After a lecture about how busy they were, the prepper begrudgingly handed me my sandwich about ten minutes later, mayo and all. There I was. If I say something, I’m a Karen. If I don’t, I just paid $15 for a sandwich that was going to make me sick.  

The food preppers’ response was to refuse to remake the sandwich because they felt offended by my overt discontent with not wanting to be poisoned after waiting the better part of a half hour for a sandwich.  

You would think a restaurant inside a fitness facility – of all places – would be accommodating when it comes to eating needs. On July 1st the giant pride balloon displays went up at Life Time – good on ya – but where was my inclusion and tolerance? I asked who I could talk to about the situation and the front desk person told me they don’t take in person complaints anymore. I was directed to a digital “complaint box” tablet near the front door.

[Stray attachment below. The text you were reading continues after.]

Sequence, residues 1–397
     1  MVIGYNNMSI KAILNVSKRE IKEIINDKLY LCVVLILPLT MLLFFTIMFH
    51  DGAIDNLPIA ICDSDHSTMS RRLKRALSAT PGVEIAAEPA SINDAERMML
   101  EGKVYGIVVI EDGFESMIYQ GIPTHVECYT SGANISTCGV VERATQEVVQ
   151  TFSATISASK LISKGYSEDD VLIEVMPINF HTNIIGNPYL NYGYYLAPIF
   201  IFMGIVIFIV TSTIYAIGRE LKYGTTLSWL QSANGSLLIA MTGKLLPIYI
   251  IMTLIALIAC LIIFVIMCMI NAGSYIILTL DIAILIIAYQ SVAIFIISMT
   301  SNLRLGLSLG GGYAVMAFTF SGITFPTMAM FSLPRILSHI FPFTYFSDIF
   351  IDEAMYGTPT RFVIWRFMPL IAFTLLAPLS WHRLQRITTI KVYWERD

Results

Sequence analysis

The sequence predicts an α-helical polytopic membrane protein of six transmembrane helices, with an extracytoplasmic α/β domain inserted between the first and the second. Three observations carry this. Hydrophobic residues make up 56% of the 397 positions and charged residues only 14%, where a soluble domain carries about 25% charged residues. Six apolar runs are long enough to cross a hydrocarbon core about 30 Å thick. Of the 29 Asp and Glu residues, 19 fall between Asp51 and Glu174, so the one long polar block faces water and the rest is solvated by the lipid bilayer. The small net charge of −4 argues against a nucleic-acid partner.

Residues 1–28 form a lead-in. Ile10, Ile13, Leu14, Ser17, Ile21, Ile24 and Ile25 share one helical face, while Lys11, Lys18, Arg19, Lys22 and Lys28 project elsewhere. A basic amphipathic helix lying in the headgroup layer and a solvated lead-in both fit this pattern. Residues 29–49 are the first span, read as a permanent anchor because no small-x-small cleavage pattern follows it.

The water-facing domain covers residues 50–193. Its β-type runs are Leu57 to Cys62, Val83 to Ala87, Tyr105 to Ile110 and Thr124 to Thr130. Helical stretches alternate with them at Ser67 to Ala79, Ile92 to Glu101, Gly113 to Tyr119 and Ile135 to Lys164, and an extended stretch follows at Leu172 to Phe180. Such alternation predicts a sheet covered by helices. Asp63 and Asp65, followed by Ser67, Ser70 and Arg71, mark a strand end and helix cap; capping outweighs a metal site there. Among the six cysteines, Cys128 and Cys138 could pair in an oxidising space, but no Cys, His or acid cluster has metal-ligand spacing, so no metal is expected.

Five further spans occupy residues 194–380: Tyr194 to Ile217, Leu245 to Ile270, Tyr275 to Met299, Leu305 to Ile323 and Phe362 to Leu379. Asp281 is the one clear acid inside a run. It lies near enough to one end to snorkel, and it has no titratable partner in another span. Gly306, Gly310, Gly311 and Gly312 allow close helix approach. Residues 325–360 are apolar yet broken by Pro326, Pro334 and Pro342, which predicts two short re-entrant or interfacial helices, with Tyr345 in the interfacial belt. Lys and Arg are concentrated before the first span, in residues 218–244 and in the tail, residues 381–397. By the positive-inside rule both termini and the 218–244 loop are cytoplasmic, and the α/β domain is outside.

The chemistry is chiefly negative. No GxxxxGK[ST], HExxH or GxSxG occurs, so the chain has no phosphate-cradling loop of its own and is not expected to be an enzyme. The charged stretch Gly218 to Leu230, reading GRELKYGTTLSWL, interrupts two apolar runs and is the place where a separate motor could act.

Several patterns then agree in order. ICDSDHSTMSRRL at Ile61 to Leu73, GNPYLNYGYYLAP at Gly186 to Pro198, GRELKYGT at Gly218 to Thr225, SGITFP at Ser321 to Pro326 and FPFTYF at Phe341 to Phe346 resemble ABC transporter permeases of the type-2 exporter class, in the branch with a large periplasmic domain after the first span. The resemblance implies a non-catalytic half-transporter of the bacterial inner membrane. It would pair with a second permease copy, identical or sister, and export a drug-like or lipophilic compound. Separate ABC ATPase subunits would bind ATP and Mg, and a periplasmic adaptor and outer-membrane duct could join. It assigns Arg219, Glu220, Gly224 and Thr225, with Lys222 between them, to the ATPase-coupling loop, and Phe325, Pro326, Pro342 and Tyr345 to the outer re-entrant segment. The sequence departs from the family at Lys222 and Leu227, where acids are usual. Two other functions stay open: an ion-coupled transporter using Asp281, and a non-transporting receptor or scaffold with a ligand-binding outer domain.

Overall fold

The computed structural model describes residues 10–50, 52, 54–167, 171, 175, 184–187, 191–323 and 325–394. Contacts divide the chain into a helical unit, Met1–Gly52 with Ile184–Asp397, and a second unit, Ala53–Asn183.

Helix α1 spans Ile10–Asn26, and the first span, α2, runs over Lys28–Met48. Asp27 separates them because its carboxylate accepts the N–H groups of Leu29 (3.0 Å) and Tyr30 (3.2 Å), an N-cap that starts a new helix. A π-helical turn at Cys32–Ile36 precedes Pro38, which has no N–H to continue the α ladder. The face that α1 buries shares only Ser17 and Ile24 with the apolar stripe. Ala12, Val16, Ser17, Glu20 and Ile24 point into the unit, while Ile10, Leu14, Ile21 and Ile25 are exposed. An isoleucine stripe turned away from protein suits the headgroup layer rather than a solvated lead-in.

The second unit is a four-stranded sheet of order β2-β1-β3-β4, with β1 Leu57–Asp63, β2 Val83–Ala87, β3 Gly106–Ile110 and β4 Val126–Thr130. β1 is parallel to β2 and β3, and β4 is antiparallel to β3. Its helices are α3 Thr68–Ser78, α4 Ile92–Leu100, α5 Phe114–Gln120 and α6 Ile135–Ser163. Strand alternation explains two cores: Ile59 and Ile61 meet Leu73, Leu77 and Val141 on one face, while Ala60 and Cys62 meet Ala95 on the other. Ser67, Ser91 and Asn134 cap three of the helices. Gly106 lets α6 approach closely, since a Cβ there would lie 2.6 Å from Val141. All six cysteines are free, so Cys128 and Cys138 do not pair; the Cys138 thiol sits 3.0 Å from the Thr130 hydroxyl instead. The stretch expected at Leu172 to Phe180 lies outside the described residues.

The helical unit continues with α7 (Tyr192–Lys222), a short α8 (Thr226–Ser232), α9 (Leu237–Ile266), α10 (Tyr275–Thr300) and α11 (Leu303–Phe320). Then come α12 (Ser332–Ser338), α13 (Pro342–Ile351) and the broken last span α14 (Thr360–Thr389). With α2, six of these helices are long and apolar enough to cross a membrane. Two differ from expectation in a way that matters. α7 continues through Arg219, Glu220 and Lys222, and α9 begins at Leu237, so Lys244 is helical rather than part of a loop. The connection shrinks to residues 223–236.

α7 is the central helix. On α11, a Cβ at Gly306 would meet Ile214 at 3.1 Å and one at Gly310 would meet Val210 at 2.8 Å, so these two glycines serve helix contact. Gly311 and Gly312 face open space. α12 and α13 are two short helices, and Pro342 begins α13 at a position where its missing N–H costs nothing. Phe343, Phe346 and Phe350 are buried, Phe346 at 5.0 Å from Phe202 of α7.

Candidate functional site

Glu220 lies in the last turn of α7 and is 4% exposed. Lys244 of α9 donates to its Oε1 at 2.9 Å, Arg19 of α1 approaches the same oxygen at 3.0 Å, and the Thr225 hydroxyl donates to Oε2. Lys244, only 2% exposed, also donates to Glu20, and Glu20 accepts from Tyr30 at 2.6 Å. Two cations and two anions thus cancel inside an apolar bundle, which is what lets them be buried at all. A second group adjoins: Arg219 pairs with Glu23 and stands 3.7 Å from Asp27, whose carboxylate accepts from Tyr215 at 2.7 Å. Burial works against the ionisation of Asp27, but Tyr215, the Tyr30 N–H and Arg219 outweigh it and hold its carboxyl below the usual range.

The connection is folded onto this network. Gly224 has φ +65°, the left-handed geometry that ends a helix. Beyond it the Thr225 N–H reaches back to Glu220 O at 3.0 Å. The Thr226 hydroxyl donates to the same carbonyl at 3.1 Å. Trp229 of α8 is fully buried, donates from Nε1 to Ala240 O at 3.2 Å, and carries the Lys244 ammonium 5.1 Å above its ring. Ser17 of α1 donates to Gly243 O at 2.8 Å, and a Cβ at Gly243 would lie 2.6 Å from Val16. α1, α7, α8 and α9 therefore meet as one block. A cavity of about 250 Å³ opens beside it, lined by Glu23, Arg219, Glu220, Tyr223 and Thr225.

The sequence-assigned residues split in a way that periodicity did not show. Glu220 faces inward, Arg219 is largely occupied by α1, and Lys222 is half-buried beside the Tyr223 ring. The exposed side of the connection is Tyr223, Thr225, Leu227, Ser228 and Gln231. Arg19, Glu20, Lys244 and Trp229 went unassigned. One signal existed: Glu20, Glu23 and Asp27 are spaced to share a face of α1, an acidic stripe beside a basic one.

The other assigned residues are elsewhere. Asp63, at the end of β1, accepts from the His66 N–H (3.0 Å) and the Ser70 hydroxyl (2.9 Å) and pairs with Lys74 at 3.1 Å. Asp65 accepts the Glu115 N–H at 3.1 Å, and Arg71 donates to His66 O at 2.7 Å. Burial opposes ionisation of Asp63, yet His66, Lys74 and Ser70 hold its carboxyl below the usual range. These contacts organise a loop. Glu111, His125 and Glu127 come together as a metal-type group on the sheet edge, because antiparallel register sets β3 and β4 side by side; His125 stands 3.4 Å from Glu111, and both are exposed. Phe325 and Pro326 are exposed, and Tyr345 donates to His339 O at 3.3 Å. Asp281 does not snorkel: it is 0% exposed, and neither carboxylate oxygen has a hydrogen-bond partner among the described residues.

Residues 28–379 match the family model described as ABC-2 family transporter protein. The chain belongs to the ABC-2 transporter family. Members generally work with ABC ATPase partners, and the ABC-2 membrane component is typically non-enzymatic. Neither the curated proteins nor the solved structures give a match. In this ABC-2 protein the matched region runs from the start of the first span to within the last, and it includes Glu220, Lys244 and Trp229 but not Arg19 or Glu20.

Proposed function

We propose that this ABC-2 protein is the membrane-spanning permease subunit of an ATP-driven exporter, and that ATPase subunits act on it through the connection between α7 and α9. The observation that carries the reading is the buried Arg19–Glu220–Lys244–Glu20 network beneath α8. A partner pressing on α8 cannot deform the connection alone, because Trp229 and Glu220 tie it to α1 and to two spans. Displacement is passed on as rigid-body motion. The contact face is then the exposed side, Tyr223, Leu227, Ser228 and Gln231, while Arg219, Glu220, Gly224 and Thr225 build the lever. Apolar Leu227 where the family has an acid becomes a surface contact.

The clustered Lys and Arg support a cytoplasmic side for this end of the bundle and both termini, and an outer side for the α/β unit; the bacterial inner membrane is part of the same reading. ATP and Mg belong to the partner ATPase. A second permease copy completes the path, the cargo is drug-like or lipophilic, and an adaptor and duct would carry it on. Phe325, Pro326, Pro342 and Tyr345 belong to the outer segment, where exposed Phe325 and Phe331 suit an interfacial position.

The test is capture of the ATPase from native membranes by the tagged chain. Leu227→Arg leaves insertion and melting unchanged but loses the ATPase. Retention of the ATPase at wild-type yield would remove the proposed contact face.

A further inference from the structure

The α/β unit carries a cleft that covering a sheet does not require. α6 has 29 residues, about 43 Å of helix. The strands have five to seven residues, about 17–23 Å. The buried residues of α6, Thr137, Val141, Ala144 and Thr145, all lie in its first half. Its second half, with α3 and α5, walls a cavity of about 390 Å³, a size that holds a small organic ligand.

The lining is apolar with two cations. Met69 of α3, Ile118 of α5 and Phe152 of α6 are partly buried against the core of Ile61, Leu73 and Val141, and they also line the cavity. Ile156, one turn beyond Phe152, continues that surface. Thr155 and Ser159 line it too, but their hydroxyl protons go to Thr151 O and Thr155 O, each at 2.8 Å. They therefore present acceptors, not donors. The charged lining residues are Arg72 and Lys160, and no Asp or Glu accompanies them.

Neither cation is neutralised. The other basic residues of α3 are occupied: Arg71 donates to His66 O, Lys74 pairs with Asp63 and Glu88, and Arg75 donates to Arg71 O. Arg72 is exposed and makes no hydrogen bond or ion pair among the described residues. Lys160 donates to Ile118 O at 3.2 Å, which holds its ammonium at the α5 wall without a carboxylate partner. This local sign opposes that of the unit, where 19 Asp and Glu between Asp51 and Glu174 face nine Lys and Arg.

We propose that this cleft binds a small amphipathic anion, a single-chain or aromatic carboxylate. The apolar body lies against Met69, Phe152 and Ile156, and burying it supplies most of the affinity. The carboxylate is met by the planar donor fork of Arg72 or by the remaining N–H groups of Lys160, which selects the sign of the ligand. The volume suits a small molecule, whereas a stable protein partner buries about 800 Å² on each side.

Companies like Life Time, when they only allow human interactions to upsell or social posture leave a huge communication void that has consequences. The larger conversation is about how we force interactions into the meta verse. That conversation needs to be on the table.  

Employees are empowered to be offended by anything at any time. I know there are labor challenges today and employee satisfaction scoring methods based on social activism and empowerment dictate hiring and retention practices, but when “hold the mayo” becomes a hellworthy trespass, we’ve gone too far. 

We can do better.